The friction-brake stance control (safety) knee is probably the second most frequently utilized component. Because there is very little increase in cost or weight and reliability has been good, many clinicians feel that the enhanced knee stability justifies this approach, particularly for the novice amputee. Missteps causing up to 15 degrees of knee flexion will not result in knee buckle, which makes gait training less difficult for the patient and therapist. The major drawback to this knee is that the limb must be non-weight bearing for knee flexion to occur. Although this generally presents no problem during swing phase, some patients have difficulty in mastering the weight shift necessary for sitting. It should be noted that use of such knee mechanisms bilaterally must be avoided. Since it is impossible for the amputee to simultaneously unload both artificial limbs, sitting with two stance control knees becomes nearly impossible.
A third type that has proved advantageous for this level of amputation is the polycentric (four-bar) knee. Although slightly heavier than the previous two types, this component offers maximum stance-phase stability. Because the stability is inherent in the multilinkage design, it does not erode as the knee mechanism wears during use. In addition, all polycentric mechanisms tend to "shorten" during swing phase, thus adding slightly to the toe clearance at that time. Many of the endoskeletal designs feature a readily adjustable knee extension stop. This permits significant changes to the biomechanical stability of the prosthesis, even in the definitive limb. Because of the powerful stability, good durability, and realignment capabilities of the endoskeletal polycentric mechanisms, they are particularly well suited for the bilateral amputee. Patients with all levels of amputation, up to and including translumbar (hemicorporectomy), have successfully ambulated with these components.
Objective. The aim of this study is to evaluate residual muscle function abnormalities after total knee replacement, with respect to gait kinematics and kinetics. Design. Longitudinal study on a follow-up of up to two years. Background. Gait usually presents an excellent improvement after total knee replacement. Nevertheless, some kinematics and kinetics abnormalities persist even after a long period of time and they might have implications in long-term prosthesis failure. Additionally, lower limb muscle activity has not been sufficiently studied in the past directly by means of dynamic EMG. Methods. Nine patients who had a posterior cruciate sparing total knee replacement design were evaluated by means of clinical assessment and gait analysis at the end of rehabilitation trials at six, twelve and twenty four months. EMG from trunk and lower limb muscles was registered and elaborated through a statistical detector for the on-off timing. Results. Gait analysis showed a slow gait, with a "stiff knee gait pattern" and prolonged muscular co-contractions during stance. Conclusions. Knee kinematics and kinetics abnormalities during loading acceptance after total knee replacement are associated with co-contractions in muscular activation pattern.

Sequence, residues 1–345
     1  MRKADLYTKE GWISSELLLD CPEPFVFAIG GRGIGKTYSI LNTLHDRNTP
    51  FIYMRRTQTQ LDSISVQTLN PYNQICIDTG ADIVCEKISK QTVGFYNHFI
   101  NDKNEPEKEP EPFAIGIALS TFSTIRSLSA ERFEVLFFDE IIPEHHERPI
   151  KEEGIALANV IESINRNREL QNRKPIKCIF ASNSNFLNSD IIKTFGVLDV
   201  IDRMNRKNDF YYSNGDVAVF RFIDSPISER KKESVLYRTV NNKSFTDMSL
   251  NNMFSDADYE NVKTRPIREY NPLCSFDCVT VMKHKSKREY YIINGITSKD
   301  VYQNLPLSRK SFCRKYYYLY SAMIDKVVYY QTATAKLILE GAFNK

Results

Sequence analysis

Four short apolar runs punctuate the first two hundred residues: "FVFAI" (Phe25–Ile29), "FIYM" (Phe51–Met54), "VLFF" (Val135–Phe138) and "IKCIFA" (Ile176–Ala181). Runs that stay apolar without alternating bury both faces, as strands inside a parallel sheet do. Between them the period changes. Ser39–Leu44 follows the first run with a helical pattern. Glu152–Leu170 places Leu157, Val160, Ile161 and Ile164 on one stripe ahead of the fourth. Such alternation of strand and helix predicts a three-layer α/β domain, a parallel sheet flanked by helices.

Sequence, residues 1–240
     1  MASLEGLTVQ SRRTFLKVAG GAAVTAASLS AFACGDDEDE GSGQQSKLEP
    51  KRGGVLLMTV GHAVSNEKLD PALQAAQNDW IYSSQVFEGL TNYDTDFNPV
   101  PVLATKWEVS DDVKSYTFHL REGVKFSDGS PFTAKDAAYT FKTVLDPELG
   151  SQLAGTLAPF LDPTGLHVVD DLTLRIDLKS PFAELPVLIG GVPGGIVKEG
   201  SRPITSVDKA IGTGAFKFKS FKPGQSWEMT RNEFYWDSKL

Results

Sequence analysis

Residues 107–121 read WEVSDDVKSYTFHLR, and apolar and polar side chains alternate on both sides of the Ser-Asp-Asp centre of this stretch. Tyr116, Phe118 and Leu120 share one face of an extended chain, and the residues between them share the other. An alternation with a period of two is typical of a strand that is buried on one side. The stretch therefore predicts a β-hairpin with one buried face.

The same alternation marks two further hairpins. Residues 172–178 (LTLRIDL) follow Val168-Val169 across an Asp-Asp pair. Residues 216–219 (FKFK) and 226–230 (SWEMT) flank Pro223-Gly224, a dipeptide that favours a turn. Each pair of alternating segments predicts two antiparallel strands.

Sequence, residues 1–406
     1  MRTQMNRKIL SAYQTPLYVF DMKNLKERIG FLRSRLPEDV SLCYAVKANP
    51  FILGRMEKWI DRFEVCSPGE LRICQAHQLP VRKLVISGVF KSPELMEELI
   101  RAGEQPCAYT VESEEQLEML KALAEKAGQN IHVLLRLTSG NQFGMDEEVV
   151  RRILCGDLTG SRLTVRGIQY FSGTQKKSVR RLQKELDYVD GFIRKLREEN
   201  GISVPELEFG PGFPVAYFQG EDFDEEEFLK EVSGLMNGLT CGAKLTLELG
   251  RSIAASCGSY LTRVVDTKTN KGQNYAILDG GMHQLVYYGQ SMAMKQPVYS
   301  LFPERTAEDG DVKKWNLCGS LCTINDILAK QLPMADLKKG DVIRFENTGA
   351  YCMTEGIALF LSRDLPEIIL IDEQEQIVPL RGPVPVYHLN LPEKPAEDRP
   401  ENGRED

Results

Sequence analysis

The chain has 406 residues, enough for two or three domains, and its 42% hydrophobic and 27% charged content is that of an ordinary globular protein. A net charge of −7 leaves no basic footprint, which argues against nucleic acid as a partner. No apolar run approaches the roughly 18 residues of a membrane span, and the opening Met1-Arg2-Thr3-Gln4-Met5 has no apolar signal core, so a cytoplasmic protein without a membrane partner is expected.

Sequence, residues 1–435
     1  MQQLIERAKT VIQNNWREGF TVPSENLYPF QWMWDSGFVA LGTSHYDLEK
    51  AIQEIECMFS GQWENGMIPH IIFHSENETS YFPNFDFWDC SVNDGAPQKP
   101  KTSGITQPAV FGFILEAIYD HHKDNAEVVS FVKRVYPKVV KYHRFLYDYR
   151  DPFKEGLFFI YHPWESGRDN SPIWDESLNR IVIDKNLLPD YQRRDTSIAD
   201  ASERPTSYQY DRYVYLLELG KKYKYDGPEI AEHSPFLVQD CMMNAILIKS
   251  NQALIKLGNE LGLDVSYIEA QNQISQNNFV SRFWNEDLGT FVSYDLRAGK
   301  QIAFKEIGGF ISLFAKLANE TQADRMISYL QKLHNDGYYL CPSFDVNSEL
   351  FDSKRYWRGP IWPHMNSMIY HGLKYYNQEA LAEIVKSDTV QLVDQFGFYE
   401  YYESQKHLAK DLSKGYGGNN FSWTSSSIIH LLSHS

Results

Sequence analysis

Most trans-tibial amputation (TTA) patients use a prosthesis to retain upright mobility capabilities. Unfortunately, interaction
between the residual limb and the prosthetic socket causes elevated internal strains and stresses in the muscle and fat tissues in the
residual limb, which may lead to deep tissue injury (DTI) and other complications. Presently, there is paucity of information on the
mechanical conditions in the TTA residual limb during load-bearing. Accordingly, our aim was to characterize the mechanical conditions
in the muscle flap of the residual limb of a TTA patient after donning the prosthetic socket and during load-bearing. Knowledge of
internal mechanical conditions in the muscle flap can be used to identify the risk for DTI and improve the fitting of the prosthesis. We
used a patient-specific modelling approach which involved an MRI scan, interface pressure measurements between the residual limb and
the socket of the prosthesis and three-dimensional non-linear large-deformation finite-element (FE) modelling to quantify internal soft
tissue strains and stresses in a female TTA patient during static load-bearing. Movement of the truncated tibia and fibula during loadbearing
was measured by means of MRI and used as displacement boundary conditions for the FE model. Subsequently, we calculated
the internal strains, strain energy density (SED) and stresses in the muscle flap under the truncated bones. Internal strains under the tibia
peaked at 85%, 129% and 106% for compression, tension and shear strains, respectively. Internal strains under the fibula peaked at
substantially lower values, that is, 19%, 22% and 19% for compression, tension and shear strains, respectively. Strain energy density
peaked at the tibial end (104 kJ/m3). The von Mises stresses peaked at 215 kPa around the distal end of the tibia. Stresses under the fibula
were at least one order of magnitude lower than the stresses under the tibia. We surmise that our present patient-specific modelling
method is an important tool in understanding the etiology of DTI in the residual limbs of TTA patients.
r 2008 Elsevier Ltd. All rights reserved.
Prosthesis; Deep tissue injury; Pressure ulcer; Patient-specific finite element model; Rehabilitation